Cuba and United States Trying to Solve Property Claims

When you look at the United States and Cuba, things have come a long way in a year. If you think about the progress made within the last year, there is still quite a bit of work to do between the two countries. One new way that Cuba and the United States are working together is that the countries are working on claims of property that were from corporations in the United States and the property of private citizens which were confiscated. The confiscations occurred after the Cuban Revolution of 1959, and there are over $1.9 billion in claims that have to be negotiated.

Image: U.S. President Obama shaking hands with Cuban President Castro during Nelson Mandela's national memorial service in Johannesburg

The $1.9 billion in negotiation right now include various buildings and properties, such as ranches that were claimed by the U.S. Foreign Claims Settlement Commission. This is a sector within the Department of Justice that basically adjudicates the claims against various foreign governments. When you think of the money involved here, in the monetary value of today these claims are actually worth $8 billion. While America has many claims, there are claims being made by Cuba as well, such as reparations from the U.S. embargo and the many adverse effects of that. Cuba is also claiming human damage which includes the Bay of Pigs Invasion, and in the Bay of Pigs 176 Cubans died and over 300 Cubans were injured. On top of that there was a plane that crashed in a 1976 shoot-down which killed 73 on the plane, and 57 Cubans were on that plane.

This is the first step in a long process according to the U.S. State Department, but the State Department said that getting these claims resolved is a huge priority in the steps towards normalization. This is the first meeting, which means both sides will begin talking and exchange needed information on these claims, which then allows the process to move forward. Even more surprising is that Cuba said the accumulated damages as a result of American hostility totals up to $833.75 billion. Some of these claims include various court judgments against Cuba and various American government claims, along with the embargo situation.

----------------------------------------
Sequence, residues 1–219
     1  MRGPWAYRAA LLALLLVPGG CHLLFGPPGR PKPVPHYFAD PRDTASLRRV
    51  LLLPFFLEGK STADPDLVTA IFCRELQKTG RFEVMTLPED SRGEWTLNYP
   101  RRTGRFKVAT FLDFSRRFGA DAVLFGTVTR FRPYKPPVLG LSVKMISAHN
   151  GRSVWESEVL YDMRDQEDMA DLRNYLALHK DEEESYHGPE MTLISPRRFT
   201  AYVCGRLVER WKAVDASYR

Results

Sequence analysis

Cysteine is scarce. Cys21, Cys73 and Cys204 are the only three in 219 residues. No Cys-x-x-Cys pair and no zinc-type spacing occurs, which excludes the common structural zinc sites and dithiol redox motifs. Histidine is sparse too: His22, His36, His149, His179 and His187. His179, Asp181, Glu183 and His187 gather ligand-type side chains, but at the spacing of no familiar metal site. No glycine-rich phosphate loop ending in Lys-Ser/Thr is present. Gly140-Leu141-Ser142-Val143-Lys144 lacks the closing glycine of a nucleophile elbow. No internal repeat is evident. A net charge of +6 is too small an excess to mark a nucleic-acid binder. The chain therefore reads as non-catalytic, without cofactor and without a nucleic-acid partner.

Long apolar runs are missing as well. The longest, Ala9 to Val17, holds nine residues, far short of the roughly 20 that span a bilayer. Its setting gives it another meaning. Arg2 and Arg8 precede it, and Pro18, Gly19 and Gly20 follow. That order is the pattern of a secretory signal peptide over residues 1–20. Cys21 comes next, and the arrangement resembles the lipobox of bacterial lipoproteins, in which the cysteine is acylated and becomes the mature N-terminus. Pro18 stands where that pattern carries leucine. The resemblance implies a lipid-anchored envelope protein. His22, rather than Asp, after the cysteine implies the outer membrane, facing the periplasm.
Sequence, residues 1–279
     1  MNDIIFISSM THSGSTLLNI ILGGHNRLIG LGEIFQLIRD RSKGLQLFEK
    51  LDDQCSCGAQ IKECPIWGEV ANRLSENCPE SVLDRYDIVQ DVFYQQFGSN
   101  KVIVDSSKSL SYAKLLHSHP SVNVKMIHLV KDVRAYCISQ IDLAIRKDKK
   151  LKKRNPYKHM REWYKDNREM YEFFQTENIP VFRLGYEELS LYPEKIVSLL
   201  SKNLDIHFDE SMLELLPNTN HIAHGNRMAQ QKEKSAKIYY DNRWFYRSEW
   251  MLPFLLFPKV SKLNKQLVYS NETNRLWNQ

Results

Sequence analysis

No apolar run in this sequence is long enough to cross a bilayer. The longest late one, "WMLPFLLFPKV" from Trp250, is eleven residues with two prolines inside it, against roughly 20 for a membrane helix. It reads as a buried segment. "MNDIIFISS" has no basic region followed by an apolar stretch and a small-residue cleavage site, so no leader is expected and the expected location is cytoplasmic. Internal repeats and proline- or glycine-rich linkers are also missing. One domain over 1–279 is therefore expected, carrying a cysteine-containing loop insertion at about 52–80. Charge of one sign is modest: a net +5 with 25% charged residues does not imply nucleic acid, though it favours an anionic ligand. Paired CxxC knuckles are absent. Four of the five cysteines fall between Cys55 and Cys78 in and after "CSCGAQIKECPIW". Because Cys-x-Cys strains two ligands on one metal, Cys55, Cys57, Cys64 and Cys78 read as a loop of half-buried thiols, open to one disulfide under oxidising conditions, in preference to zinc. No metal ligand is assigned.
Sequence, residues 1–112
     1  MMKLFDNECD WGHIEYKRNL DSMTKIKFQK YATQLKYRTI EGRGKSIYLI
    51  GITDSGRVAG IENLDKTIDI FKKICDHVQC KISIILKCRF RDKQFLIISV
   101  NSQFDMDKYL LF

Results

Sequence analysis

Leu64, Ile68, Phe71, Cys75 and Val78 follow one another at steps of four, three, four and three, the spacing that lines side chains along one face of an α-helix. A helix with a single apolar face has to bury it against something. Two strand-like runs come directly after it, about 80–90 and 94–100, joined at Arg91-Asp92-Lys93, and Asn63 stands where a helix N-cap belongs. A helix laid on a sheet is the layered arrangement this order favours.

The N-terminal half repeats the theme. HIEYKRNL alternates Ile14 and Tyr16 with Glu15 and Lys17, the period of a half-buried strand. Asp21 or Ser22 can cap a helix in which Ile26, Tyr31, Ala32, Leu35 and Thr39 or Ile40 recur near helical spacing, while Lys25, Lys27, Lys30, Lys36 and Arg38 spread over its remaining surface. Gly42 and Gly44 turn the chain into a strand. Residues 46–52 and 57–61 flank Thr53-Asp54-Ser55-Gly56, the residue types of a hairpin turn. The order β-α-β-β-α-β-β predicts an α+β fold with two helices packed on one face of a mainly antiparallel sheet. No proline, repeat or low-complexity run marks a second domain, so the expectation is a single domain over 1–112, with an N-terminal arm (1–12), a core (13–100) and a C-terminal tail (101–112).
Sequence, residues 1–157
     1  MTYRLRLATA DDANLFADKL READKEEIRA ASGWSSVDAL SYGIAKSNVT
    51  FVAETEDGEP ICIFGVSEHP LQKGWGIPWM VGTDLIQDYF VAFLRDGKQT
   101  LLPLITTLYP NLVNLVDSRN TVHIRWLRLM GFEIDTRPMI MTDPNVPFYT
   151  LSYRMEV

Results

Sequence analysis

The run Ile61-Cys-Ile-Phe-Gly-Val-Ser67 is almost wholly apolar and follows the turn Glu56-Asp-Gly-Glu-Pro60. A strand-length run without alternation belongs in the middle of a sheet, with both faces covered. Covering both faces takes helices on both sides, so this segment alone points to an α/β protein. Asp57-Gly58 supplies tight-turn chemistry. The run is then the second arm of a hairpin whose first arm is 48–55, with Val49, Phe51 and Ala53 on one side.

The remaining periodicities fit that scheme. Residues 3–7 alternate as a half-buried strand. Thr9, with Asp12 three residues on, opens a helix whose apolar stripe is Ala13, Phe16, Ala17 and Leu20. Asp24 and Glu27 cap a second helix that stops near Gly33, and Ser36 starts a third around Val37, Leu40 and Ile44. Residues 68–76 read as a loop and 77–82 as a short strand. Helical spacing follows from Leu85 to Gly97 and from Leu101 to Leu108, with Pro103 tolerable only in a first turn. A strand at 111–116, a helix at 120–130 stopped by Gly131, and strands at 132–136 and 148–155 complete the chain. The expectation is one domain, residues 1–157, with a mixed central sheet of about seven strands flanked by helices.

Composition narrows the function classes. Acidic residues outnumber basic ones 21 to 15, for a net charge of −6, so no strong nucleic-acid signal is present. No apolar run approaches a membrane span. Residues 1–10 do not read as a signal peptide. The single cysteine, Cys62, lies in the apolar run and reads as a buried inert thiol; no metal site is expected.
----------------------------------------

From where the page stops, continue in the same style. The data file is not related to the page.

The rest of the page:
This delegation for the United States will be assigned to Mary McLeod, who will be the legal adviser for the State Department. Ever since the December 2014 announcement of normalization between the two countries, both countries have been trying to reestablish the diplomatic ties. This includes opening embassies and also working through various issues, but the claims is the biggest issue that the sides have talked about to this point, and is more in-depth than the other issues. Everyone knew that the claims would come up at some point in time, since that is how things progress, and many say it is long overdue. When you have claims, you also have counter-claims, so neither side should be surprised by that from either side. In terms of how this will work out, Cuba is not going to be a very simple or easy negotiator, and it will likely be very tough and long negotiation for both sides.


When you look at the Cuban counter-claims, some of them are nothing and have no process under international law, with specific damages like the embargo not being recognized through the law. One good thing for the United States is that they hold most of the chips since America can have any trade restrictions that it wants to, and this is in order to protect the citizens. This means that while Cuba might think they have the upper hand in this situation, really the United States does, since there are not that many laws regulating the United States and the embargo situation. Since we are talking about very long claims, a lot of those people who had the original claims have died. This means that their heirs get the claims now, and these people might not know about the claims that were made and they have to be found as well.

 


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Jeanne Rose
Jeanne Rose lives in Cincinnati, Ohio, and has been a freelance writer since 2010. She took Allied Health in vocational school where she earned her CNA/PCA, and worked in a hospital for 3 years. Jeanne enjoys writing about science, health, politics, business, and other topics as well.

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